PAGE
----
"For this city [Vienna] has been besieged by the Turks and bravely defended by the Poles; in the eighteenth century it was the biggest Italian city; it is proud of its pastries, which stem from Bohemia and Hungary; and throughout the centuries it has proven that it is possible to accomplish beautiful, even profound things, if one has no character."

Giving it away for free seems like ill usage, but fair use.

1 Isn't that a nice way to do footnotes in HTML? See, it avoids these ugly interlinear gaps:

image

Then again, it might be a better idea to link or use bracketed digits instead....

2 Even those hooligans at Crooked Timber like footnotes. Footnotes seem to get less editorial supervision, for one thing that's where Donna Haraway used to keep all her exclamation points. They're a terrific place to gesture towards alternative essays, the ones you wish you'd started writing once you start getting bored and frustrated with the one you're writing instead. Come to think of it, I encountered one of those in my recent Musil catch-up a grim assessment of the state of Young Törless's morals with a more affirmative deconstructive reading sending runners between the conclusion and the notes. A Crooked Timber comment mentions the alternative history you can derive from Gibbon's footnotes; me, I'm crazy for the accretions of Walter Scott and others on the Memoirs of the Count de Grammont. It's like meeting a party of gossips after talking to a gossip. (It might have been with Grammont that I fell into the habit of saving up footnotes as a special treat, to cleanse the palate after finishing the chapter, or to be gorged on at the end.) Online, we see something similar happening in the comment threads of the Pepys blog. The weblog comment thread is usually compared to a discussion board, but it includes aspects of footnotes, marginal jottings, peer reviews, and Calls for Papers or Theme Issues.

3 "Some who wrote operas and symphonies live on only in a footnote."


Comments

Cacciari’s “Posthumous People” seems like a fantastic book about Vienna and the Autro-Hungarian empire, but it’s so densely written and assumes so much that I haven’t been able to read it yet. I’d love to read a review.

Austria-Hungary is much more influential in world culture than people realize: Freud, Kafka, Rilke, Trakl, Hoffmansthal, the logical positivists, Popper, Wittgenstein, Schoenberg et al, Hayek et al, and even crap like Richard Strauss. And I always forget someone on these lists. A fatalistic hopelessness about political discourse and action seemed common to almost all of them.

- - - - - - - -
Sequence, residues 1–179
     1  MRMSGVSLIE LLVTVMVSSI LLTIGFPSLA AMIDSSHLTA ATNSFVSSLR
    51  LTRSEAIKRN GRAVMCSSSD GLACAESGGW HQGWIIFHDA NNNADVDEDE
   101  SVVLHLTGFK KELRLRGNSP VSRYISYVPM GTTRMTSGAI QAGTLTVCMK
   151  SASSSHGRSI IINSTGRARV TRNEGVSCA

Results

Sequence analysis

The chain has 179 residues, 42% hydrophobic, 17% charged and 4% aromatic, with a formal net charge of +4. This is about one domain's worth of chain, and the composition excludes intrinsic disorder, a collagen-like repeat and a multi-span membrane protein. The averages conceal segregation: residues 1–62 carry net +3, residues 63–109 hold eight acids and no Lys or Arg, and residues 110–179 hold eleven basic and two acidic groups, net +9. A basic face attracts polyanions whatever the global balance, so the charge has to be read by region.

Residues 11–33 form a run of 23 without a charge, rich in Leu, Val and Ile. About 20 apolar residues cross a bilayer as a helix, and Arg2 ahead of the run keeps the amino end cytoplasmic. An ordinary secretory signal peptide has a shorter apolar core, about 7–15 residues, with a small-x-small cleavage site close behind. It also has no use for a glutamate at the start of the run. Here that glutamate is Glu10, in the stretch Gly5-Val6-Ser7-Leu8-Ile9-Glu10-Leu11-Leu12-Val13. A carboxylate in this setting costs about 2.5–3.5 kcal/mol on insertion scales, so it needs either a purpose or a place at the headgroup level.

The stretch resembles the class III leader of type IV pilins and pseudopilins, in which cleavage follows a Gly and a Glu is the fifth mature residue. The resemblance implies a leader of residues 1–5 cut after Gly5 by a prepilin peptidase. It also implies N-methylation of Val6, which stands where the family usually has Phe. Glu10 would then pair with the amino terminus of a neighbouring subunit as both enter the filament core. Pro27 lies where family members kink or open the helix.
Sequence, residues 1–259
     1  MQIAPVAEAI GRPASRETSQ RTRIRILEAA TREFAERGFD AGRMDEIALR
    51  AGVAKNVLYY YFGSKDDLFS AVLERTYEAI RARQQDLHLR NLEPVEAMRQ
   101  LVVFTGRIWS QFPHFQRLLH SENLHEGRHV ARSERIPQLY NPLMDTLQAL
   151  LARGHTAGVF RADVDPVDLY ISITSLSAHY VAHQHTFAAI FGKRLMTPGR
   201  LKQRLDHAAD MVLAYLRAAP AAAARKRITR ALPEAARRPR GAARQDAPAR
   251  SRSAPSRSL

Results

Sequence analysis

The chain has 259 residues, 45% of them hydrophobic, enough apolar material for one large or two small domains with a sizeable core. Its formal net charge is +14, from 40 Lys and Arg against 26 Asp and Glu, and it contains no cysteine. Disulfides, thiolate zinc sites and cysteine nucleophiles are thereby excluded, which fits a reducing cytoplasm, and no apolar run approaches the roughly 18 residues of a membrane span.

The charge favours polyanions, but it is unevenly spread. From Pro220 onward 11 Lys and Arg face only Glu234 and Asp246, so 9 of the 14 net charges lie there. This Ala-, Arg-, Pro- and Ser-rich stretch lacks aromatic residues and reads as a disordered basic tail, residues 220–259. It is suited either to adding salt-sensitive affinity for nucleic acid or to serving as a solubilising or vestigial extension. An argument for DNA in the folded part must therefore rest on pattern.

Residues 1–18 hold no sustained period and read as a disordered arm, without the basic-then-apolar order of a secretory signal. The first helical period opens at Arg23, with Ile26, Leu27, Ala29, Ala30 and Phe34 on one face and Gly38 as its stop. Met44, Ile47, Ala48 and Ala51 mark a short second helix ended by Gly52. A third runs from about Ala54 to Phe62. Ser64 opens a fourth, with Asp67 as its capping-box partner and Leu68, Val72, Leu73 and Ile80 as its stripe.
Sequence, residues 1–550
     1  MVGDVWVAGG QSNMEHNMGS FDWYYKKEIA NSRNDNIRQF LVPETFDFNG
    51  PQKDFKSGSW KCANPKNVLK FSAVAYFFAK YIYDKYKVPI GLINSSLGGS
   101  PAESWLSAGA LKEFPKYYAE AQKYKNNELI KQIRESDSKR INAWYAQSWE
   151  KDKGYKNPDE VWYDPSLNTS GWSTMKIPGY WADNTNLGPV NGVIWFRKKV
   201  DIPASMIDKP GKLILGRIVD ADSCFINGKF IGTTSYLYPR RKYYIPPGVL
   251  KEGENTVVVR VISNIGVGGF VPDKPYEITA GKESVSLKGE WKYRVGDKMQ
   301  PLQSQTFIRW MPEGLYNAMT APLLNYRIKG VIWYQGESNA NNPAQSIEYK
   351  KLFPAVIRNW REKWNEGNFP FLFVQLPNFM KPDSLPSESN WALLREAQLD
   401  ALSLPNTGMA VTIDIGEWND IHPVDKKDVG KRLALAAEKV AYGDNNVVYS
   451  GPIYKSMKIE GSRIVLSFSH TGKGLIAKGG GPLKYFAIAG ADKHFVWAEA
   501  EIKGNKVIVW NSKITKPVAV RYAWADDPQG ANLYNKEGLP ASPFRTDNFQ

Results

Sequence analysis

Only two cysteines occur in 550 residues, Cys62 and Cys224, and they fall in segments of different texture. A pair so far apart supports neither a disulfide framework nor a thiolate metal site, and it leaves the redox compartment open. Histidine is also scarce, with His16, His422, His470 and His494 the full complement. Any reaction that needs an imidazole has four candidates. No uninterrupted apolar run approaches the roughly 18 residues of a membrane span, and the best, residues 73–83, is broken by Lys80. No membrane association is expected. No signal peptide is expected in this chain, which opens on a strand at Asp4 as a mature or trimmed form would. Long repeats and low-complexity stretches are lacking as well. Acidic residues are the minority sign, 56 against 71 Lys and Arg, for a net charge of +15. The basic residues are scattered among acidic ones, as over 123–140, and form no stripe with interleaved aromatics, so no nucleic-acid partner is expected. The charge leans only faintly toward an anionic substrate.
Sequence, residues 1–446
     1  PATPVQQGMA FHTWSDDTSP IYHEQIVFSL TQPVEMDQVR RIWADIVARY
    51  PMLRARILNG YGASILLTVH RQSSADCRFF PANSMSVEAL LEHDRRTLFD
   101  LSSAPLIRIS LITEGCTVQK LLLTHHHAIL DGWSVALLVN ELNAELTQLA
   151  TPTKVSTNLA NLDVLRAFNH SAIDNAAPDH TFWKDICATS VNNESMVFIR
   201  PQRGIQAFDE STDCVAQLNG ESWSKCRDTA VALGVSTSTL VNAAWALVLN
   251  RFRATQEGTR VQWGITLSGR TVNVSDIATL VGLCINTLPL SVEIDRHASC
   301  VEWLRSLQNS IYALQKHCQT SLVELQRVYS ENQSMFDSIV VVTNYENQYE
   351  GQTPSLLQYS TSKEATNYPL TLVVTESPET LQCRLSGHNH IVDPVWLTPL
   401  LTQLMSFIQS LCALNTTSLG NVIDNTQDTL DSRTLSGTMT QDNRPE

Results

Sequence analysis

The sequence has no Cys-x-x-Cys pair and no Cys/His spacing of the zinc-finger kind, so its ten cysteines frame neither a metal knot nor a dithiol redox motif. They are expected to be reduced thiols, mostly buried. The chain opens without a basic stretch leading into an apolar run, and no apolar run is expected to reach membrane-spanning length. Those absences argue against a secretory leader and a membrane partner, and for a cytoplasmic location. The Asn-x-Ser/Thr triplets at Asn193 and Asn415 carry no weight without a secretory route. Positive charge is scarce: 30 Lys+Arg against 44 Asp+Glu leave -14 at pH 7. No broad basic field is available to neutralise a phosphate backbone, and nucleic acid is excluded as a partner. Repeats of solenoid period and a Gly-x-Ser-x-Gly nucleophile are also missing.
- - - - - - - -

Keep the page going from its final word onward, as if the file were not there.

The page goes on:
I’ve tried to convince an Irish friend that the present Never-never-land American political scene, where the spokesmen and supporters of the dominant political party persistently say things that can’t possibly be true, but he rudely points out that the late Holy Roman Empire never had nuclear weapons.

By John Emerson on 05/16/05 at 12:58 PM | Permanent link to this comment

Bartok, Polanyi, Goedel, Husserl, Mahler, Erdos, Von Neumann, Svevo, and quite a number of physicists.

And James Joyce too.

Austria-Hungary’s non-national, dynastic character, its military insignificance, and its economic mediocrity all put together tend to cause its cultural and intellectual contributions to be relatively unrecognized.

By John Emerson on 05/16/05 at 01:08 PM | Permanent link to this comment

I’ve tried to convince an Irish friend that the present Never-never-land American political scene, where the spokesmen and supporters of the dominant political party persistently say things that can’t possibly be true, is Austro-Hungarian in essence (i.e., comparable to the Great Idea in Musil) but he rudely pointed out that the late Holy Roman Empire never had nuclear weapons.

And when I think about it, the Austro-Hungarian Great Idea for the jubilee year wasn’t just false—everyone fervently believed in it even though they didn’t know what it was, because there actual was no specific idea.

By John Emerson on 05/16/05 at 01:39 PM | Permanent link to this comment